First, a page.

While all that rain we received in June and July were great for our gardens and green lawns, all that rain also meant more mowing and weeding and more flooding on your property, in the streets, or maybe even in your basement.
But did you know there are ways that you can manage that stormwater that helps reduce flooding while improving the quality of water and waterways — the same waterways which supply your drinking water?
Here are a few ideas for managing your lawn, gardens, property, and nearby spaces in ways that are more environmentally sustainable, reduce flooding and require less water use and maintenance:
- Clean your storm drains. Storm drains get clogged with litter and debris and the stormwater has nowhere to go. Adopt A Storm Drain near your home to help the rain find a path to the waterway.
- Avoid or reduce the use of lawn chemicals that can wash off into our waterways untreated, harm wildlife and degrade water quality. Never apply chemicals when rain is imminent as it not only wastes your lawn care costs, but it also creates water pollution. Take the Clear Choices Clean Water pledge to reduce lawn chemical use.
- Install a Rain Barrel to capture rainwater for later use. Rain Barrels attached to your downspout can collect rainwater from your gutters to slow and reduce the amount of water in your yard, and you can use it later for watering plants and gardens. Check out Kheprw Institute’s Express Yourself Rain Barrel Program, or keep, and eye out for a Rain Barrel Building Workshops organized by ROW with Marion County Soil & Water Conservation District.
- Plant a Rain Garden. Rain gardens can be created in a low spot in your yard which can be planted with deep-rooted, drought-resistant plants that beautify your space while filtering pollutants and allows the rainwater to slowly be absorbed into the ground instead of running off. Learn more about the benefits of rain gardens and how to build your own rain garden, and be on the lookout this fall for a rain garden workshop organized by ROW and Marion County Soil & Water Conservation District.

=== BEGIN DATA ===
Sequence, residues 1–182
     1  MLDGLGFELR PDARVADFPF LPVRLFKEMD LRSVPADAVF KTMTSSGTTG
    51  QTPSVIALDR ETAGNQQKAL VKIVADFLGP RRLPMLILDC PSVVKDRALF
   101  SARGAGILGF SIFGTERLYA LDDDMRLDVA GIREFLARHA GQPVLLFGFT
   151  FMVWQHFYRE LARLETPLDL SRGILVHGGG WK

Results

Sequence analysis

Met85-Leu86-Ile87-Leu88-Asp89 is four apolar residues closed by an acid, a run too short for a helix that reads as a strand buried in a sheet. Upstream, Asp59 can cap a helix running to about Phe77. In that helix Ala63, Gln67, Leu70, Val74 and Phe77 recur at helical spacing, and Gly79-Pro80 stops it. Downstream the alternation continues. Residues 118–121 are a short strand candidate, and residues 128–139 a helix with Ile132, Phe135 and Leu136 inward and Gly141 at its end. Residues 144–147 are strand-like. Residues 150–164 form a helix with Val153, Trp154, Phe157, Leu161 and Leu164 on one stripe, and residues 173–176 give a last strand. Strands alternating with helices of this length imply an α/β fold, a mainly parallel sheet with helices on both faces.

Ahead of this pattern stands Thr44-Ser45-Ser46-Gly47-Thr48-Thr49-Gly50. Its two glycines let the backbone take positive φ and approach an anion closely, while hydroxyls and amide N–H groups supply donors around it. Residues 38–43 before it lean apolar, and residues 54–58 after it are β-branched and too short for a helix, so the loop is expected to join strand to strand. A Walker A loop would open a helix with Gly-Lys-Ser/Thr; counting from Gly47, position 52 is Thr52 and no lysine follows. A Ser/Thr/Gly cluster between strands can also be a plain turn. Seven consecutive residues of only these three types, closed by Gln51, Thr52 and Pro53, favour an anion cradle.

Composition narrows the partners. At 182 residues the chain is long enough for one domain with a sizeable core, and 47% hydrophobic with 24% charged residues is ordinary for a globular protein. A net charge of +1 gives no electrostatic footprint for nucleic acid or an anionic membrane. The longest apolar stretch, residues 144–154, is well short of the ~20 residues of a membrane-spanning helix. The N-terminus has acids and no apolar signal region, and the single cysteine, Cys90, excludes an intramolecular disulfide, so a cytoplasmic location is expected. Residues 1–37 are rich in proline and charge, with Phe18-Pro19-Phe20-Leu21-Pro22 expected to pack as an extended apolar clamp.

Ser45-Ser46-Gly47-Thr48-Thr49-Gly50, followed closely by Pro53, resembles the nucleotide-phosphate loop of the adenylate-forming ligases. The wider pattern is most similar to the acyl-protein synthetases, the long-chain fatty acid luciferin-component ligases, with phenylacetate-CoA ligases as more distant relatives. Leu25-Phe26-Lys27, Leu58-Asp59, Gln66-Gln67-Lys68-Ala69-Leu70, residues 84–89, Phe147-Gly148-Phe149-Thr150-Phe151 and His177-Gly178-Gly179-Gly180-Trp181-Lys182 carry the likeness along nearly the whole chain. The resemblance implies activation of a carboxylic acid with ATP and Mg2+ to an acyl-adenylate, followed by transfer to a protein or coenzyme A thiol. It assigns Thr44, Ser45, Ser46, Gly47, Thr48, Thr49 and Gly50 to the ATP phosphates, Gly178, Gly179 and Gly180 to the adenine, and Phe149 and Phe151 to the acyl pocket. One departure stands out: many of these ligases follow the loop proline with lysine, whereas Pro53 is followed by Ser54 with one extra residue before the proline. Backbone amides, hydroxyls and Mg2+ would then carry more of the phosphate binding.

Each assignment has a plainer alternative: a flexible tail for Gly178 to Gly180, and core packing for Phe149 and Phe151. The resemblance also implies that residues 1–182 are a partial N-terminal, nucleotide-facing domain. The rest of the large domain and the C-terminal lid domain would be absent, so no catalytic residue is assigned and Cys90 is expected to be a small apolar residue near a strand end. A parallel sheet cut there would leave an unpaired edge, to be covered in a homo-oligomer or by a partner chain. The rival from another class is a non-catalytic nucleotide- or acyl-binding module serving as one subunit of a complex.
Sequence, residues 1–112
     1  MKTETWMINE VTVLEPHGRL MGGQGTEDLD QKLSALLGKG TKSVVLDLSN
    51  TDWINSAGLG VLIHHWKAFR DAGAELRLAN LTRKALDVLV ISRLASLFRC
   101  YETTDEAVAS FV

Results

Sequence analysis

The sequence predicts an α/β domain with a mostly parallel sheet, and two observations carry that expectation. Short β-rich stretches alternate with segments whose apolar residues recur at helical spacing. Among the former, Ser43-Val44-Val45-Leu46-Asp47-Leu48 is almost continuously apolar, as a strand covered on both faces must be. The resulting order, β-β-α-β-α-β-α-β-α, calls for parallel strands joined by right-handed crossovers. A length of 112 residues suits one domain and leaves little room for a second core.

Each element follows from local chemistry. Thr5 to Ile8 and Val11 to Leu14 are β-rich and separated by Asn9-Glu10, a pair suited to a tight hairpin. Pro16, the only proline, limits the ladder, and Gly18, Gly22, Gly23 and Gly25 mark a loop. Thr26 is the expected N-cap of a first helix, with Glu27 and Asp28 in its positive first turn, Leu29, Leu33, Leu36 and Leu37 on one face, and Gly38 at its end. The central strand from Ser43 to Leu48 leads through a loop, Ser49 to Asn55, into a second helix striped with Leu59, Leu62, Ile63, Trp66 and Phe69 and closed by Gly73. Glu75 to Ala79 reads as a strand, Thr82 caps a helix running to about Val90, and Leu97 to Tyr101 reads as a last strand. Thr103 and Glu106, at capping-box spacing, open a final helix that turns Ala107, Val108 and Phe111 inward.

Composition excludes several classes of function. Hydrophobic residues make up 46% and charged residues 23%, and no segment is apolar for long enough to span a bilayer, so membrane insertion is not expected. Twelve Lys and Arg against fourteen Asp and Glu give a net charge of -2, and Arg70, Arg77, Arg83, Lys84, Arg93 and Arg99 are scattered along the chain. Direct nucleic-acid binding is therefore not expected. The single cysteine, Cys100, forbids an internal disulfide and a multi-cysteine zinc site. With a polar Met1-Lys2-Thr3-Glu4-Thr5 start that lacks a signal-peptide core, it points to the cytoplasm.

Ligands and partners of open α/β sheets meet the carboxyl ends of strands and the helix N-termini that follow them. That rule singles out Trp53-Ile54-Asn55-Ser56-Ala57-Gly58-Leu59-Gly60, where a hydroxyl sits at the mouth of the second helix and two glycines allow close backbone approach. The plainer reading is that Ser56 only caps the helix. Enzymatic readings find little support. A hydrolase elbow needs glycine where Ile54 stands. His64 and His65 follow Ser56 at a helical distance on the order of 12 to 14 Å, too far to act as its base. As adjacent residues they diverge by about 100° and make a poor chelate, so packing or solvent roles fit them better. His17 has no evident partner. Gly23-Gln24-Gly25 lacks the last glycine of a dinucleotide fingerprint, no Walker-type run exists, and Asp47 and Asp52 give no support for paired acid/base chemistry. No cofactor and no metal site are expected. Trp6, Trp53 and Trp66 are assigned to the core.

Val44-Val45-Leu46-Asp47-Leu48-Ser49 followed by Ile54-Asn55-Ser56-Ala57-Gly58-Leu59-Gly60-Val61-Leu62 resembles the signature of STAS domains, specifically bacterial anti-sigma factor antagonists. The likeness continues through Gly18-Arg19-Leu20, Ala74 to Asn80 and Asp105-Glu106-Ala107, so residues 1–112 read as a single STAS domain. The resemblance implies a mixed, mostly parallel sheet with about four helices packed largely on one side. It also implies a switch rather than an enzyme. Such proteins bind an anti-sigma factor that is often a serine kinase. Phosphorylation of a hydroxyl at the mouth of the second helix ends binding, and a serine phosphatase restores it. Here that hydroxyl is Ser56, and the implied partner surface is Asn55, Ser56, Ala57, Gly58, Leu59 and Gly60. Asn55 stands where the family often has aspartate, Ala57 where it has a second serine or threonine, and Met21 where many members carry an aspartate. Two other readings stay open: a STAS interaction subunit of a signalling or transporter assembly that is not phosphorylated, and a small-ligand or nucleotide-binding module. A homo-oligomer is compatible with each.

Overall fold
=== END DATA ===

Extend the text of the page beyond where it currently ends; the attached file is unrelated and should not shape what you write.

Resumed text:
- Plant more native trees. Trees are not only good for absorbing and filtering storm water, but they also add to cleaner air quality. Keep Indianapolis Beautiful’s Community Forestry Program offers 20-plus trees to groups and neighborhoods wanting to help Indy meet its goal of 100,000 new trees.
- Pick up litter. Whether it’s fast-food containers, drink bottles or cigarette butts, litter in your streets, sidewalks and neighborhoods is not just unsightly, it’s harmful to our waterways. Check out the new anti-litter campaign, A Little Love Stops Litter, launched by the City of Indianapolis with Keep Indianapolis Beautiful, and pledge to beautify and clean up your community.
We might be hoping for some sunny days and rainbows in the coming months, but now you know ways to reduce standing water, improve water quality and improve quality of life and beautification in your yard and neighborhood.
Reconnecting to Our Waterways (ROW) works with many community partners to help lift up waterway neighborhoods across Indianapolis. Get involved with any of the groups noted above or join a community-led volunteer waterway effort along our six waterways — Central Canal, Fall Creek, Little Eagle Creek, Pleasant Run, Pogue’s Run or White River — at www.ourwaterways.org or firstname.lastname@example.org.
Julie L Rhodes is collective impact director of Reconnecting to Our Waterways (ROW).